Is Cyber-Fatigue the biggest threat to your business?
Every week we see new headlines about the latest Malware and new types of cyber threats, engineered to cause disruption to organisations across the globe.
Cyber-headlines have become so common that it’s boring and more exciting news stories soon distract us. Although some are targeted, most cyber-attacks aren’t personal or even that well thought out. But as the problem continues to grow, we find ourselves discussing cyber security strategies in the same light as health and safety policies – it’s a job very few people are interested in and the responsibility gets passed around the workforce or worse still, ignored all together.
According to recent predictions, cyber-crime damages are due to hit in excess of 4.5 trillion pounds per year by 2021. What is astounding is that the figure dwarfs the profit made in the global trade of all major illegal drugs combined! I think it’s become such a lucrative underworld because it is so hard to effectively police. There are 3.8 billion internet users surfing 1.2 billion websites right now!
I talk to all kinds of small to mid-size businesses owners and IT Managers, and it’s easy to see how we feel a long way from the headline cyber-breaches on the likes of Yahoo and the NHS. People are generally aware that cyber-security is something to be taken seriously and when advised to consider it, sensible policies and practices are put in place. It’s good to see that, in a lot of cases, it’s no longer the ‘elephant in the room’ and it creeps its way onto the board-room agenda. Maybe that’s overly positive though as I’ve just read a report which tells me two thirds of small businesses still don’t think they are vulnerable.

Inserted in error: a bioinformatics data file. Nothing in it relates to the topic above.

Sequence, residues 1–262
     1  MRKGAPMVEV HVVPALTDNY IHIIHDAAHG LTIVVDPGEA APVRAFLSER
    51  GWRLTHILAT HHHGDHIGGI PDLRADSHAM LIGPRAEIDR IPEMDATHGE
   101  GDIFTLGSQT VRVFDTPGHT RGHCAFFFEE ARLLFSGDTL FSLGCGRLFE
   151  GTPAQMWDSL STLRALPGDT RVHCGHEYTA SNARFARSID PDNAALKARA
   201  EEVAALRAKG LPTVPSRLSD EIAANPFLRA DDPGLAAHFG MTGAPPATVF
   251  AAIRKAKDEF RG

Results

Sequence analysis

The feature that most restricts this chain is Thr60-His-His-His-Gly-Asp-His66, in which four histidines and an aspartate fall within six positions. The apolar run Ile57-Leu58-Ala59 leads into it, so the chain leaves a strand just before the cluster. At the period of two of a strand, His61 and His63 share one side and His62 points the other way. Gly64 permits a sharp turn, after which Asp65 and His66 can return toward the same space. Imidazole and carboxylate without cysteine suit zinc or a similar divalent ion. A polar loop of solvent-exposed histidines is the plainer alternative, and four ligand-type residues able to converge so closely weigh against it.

People still click on phishing emails. Whether through curiosity, ignorance or malice, it’s the most common point of intrusion. With an average of 200,000 new known threats emerging every day it can easily seem like an impossible fight against the inevitable.
My opinion is that a structured and simple review process needs to be formed to suit your business. The more you can simplify this framework, the more likely it will get upheld on a regular basis.
As well as providing assurance that your infrastructure continues to provide adequate threat prevention, the review also needs to include disaster recovery planning, cyber-insurance reviews, cyber-awareness training and reporting. The systematic review of these strategic components will also simplify the implementation of any required changes (for example, with GDPR compliance).
In summary, in my daily life of IT consultancy, I’m as often pleasantly surprised by the proactive approach of an organisation as I am dumbfounded by the ignorance of another. I appreciate that it needs to be kept simple and approachable, but with a regular review process in place, you will be safer and more resilient against the ever-growing threat.
by Ollie Jackman - Taurus IT Consultant